We share our Southeast Alaskan life with salmon. Salmon are the story of us. This time of year, we contemplate what we are grateful for, and salmon is high on our list of gratitudes.
Salmon Heritage: Our sister/daughter is a pink salmon. Her Lingít name is Cháas’ Koowú Tláa, Mother-of-Humpy-Tail. Traditional names connect us to clans, story, streams, rivers and place. Most of us have a salmon heritage. We were raised on fishing boats, or our families made a living fishing salmon, or we grew up respecting salmon. Plus, many of our multi-cultural heritages are linked to the history of salmon canneries and fisheries: Japanese, Chinese, Filipino, Finnish and more. Heritage gratitude is being grateful for those who came before you. Toowú kaklag̱éi haa tʼaakxʼi, ḵa haa naax̱ sateeyí, ḵa haa kusteeyí. Pride in our family and our clan and our traditions.
A Salmon Home: To have salmon gratitude is to appreciate a sense of home. Scientists say that salmon have a better sense of smell than bears or even our dogs — salmon can smell their home streams and rivers. Like salmon, we return. We return home from college, or back home after being treated for cancer in the city, or perhaps we’ve come back from living in other places, sometimes bearing gifts, or carrying our broken hearts home with us. Our sacred objects return, too, to their rightful place from deep within a museum drawer or a collector’s wall. We dance and sing these returns, whether they are people, salmon, or a clan hat. Home is where the salmon are.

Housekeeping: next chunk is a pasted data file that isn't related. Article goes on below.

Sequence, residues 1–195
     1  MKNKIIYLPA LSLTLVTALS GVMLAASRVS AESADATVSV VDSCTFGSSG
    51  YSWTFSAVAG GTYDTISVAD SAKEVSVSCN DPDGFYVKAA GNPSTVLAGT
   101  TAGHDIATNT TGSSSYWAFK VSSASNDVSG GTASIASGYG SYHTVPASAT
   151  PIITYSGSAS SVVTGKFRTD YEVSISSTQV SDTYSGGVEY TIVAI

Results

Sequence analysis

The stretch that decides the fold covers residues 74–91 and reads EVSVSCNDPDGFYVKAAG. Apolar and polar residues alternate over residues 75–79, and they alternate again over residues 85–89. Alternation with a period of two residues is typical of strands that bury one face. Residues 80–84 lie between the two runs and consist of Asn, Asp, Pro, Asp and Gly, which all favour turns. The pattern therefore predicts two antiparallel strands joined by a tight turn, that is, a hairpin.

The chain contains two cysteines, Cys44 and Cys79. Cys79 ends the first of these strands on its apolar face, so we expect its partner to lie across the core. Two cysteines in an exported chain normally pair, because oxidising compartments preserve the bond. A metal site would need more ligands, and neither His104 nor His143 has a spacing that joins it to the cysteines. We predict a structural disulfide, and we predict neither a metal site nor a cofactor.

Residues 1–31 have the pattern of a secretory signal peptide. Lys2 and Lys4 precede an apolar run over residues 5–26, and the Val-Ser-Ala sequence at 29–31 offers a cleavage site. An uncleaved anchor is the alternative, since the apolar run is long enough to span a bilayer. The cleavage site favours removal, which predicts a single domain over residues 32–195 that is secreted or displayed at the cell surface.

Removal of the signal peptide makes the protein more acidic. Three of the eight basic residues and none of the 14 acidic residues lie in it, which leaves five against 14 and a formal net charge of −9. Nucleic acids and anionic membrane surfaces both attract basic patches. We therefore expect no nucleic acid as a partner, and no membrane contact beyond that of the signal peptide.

Artistic Salmon: Salmon are inspiring. Salmon swim through airports and splash color across school walls. They swish up totem poles and across our dance masks. On Prince of Wales Island, a recently raised totem pole, the Sakteenedi Honor Totem Pole, is a tribute to the uncles of the dog salmon clan. Salmon are tattooed on our calves and etched in silver bracelets round our wrists. Abalone buttoned salmon dance at Celebration and attend board meetings. We paddle with painted salmon. We dangle salmon earrings, fill salmon skin wallets and wear salmon on our T-shirts and hats. Our creative lives are most certainly inspired by salmon.
Elders and Salmon: The oldest salmon fossil is 50 million years old. We live with old fish. Recently an old stone fish weir, dated at 11,000 years ago was discovered in Southeast Alaska. Ancient salmon, though, had a mouthful of large sharp teeth and weighed hundreds of pounds and grew from two feet up to nine feet long—It was this big! Though our arms may not be able to stretch as far as an ancient salmon, our arms can reel in fish and gift them to elders. What we’ve learned about respecting our human elders can be applied to salmon too, and vice versa. Make sure they’re always taken care of and listen to the wisdom of both our human and salmon elders.
Salmon Connection: Mary Peltola amused national media outlets with her Pro-Fish! campaign. Those who weren’t from Alaska were amused and a bit confused. Do Alaskans really love their salmon that much. Yes, we do.
Salmon Sustenance: There are thousands of ways to prepare and eat salmon. Salmon is our soul food. We are Salmon People. Eating smoked salmon reminds us of so many people we love. We eat salmon spread (dip) for breakfast, lunch, and dinner and at every celebration in between. Also, the next time you eat fish, be thankful for the people who put their life on the line to catch the fish for you. If there’s an excuse to eat salmon, we’ll come up with it. Salmon spread on pilot bread, smoked salmon, salmon chowder, salmon casserole, salmon pie, salmon enchiladas, salmon pizza, salmon patties, grilled salmon, baked salmon, and fried salmon.